The American Evaluation Association (AEA) held their Annual Conference in Atlanta, Georgia, on October 24-29, 2016.  Community Science presented during various sessions and workshops.  A major focus of our work this year was the evaluation of complex, multi-level, multi-sector initiatives and assessing community capacity; cultural responsiveness in evaluation; capacity building for data use and evaluation; and evaluation of professional development initiatives for advocates and professionals of color.  Our team also presented action research for health coverage outreach and education efforts targeting hard-to-reach communities under the Affordable Care Act.  Check out our team in action!

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Staff Profile: Ryan Schooley

Ryan Schooley, M.Ed., Analyst, has experience researching community engagement and community development issues, and working with community organizing coalitions and interventions to increase educational and social development. At Community Science, he assists with literature reviews, quantitative and qualitative data collection and analysis, and report writing for multiple projects related to community engagement, behavioral health, health equity, and sense of community. 

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Recent Publications:

Emerging Action Principles for Designing and Planning Community Change (March 2015)

Community Matters! Decades of scientific research have shown that being part of a supportive, inclusive and capable community promotes mental, physical, and social well-being more than any other factors known to the social and medical sciences. Our publication series, Community Matters: Action Principles, Frameworks, and Strategies, shares what science and practice have taught us about building and strengthening community. The first publication in this series, “Emerging Principles for Designing and Implementing Community Change,” has just been released.


Local Voices: On-the-Ground Perspectives on Driving Community Change in the Making Connections Sites (July 2014)

This report describes, from the perspective of local stakeholders, the experience of several sites involved in Making Connections — the Foundation’s signature community change initiative of the 2000s — in developing and enhancing the core capacities essential for articulating and pursuing a local community change agenda. The report describes the conditions in the communities when Making Connections began; the core capacities built during the decade-long initiative; the factors that contributed to capacity building; the evidence of improved outcomes for children, families and neighborhoods resulting from the enhanced change capacities; the continuing challenges of sustaining those capacities; and key takeaways from the experience.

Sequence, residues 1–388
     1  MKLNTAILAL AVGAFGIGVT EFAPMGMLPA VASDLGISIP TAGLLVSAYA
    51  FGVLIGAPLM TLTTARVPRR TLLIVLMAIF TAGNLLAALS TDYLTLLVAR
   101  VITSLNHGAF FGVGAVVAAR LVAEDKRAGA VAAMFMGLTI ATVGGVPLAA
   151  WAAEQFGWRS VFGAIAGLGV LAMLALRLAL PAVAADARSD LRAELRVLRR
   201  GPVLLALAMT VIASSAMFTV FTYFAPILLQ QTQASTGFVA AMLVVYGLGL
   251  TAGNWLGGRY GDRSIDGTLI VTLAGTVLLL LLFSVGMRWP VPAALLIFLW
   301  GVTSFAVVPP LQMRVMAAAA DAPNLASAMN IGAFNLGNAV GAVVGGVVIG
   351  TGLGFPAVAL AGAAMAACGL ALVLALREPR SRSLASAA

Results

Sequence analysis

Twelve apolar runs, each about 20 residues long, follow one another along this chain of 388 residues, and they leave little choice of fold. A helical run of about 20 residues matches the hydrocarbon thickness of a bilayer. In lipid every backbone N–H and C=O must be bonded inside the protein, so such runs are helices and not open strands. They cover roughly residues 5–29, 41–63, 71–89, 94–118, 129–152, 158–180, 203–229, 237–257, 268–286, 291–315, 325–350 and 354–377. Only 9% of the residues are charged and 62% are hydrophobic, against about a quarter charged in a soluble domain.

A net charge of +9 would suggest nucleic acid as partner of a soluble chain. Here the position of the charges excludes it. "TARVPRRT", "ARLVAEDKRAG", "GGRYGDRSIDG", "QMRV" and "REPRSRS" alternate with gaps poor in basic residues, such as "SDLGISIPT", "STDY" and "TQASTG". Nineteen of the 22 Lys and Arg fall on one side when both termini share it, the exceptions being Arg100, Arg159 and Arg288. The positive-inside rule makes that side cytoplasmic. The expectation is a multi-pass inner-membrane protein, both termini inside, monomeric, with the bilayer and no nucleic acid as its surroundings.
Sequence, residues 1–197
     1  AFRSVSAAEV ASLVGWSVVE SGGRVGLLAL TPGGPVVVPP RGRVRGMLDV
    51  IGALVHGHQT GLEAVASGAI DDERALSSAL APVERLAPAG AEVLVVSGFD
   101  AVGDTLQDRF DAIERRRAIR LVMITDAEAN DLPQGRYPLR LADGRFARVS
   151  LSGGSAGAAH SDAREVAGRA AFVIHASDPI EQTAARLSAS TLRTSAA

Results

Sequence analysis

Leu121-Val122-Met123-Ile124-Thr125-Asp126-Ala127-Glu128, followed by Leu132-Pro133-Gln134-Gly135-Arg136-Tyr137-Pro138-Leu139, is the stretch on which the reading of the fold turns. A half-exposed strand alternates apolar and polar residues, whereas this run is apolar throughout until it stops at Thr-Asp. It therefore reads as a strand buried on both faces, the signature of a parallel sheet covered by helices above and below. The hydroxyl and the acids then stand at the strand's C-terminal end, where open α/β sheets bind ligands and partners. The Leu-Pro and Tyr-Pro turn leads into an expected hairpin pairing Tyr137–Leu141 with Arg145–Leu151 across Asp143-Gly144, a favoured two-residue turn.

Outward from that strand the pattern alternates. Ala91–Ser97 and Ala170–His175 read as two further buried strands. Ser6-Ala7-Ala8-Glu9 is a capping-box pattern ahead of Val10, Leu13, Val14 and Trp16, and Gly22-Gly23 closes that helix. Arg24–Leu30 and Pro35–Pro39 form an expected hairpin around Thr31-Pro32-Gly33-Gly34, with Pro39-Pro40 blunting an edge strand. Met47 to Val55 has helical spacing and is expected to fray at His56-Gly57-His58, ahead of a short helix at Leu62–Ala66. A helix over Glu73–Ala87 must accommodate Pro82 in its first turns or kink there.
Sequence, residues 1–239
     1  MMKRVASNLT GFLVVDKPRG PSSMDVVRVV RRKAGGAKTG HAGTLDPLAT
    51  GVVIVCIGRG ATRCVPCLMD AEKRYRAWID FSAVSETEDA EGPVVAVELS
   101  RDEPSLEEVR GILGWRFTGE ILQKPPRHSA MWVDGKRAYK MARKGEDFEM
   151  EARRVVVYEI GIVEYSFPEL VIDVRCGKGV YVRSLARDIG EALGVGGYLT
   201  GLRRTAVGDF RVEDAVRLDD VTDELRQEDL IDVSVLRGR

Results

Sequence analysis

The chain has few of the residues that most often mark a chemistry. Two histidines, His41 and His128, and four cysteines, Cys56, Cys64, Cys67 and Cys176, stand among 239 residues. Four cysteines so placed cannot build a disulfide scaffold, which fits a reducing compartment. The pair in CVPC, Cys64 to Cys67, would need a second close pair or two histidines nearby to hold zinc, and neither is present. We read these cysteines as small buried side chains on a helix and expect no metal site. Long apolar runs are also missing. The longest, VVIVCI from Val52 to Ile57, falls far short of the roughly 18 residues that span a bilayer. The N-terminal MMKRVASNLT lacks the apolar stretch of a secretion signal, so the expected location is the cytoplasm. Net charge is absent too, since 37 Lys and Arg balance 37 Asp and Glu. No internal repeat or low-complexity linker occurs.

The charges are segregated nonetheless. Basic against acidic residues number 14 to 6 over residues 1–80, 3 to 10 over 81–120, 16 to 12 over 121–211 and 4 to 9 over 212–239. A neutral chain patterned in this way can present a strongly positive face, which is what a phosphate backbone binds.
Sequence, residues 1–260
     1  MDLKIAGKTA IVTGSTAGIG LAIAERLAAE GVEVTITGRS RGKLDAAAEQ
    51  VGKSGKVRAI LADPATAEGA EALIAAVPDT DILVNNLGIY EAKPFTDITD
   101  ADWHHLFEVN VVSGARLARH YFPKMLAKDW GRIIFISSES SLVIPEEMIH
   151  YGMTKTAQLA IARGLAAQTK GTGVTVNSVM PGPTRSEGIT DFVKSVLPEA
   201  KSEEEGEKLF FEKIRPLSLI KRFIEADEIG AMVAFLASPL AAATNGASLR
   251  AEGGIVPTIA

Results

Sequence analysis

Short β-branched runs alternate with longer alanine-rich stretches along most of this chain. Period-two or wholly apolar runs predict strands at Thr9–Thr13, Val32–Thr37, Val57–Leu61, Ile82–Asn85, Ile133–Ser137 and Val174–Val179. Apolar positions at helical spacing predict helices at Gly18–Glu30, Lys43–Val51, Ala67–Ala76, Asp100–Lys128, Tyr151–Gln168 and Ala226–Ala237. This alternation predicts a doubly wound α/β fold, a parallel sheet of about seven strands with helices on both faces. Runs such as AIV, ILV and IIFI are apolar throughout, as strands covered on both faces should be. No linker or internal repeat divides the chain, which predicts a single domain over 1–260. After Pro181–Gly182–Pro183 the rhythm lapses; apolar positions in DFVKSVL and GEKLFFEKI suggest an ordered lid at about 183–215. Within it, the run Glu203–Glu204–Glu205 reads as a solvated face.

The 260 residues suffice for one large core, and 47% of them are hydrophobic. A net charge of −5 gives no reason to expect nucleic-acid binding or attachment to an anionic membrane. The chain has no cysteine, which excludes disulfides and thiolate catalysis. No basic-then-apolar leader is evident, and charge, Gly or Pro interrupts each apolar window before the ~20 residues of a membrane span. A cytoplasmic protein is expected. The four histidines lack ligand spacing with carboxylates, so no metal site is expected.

Addressing Health Disparities Through Organizational Change-Evaluation Report (April 2012)

In 2006, The Colorado Trust funded 14 organizations to improve their cultural competency in order to strengthen their capacity to reduce health disparities.  Community Science was engaged to evaluate the initiative, specifically assessing: 1) changes in cultural competency among grantees, 2) the influence of cultural competency changes on grantee interventions and short -term outcomes, 3) factors and conditions needed to bring about positive changes in organizational cultural competency, and 4) grantee progress and accomplishments over time.  


The Importance of Culture in Evaluation

The Importance of Culture in Evaluation, a publication funded by The Colorado Trust, provides insights to help guide the complex dynamics between evaluators, funders and stakeholders of different cultures. The report provides examples of where cross-cultural competency is critical in evaluation and recommends questions and strategies that an evaluator should consider when practicing this form of cultural competency.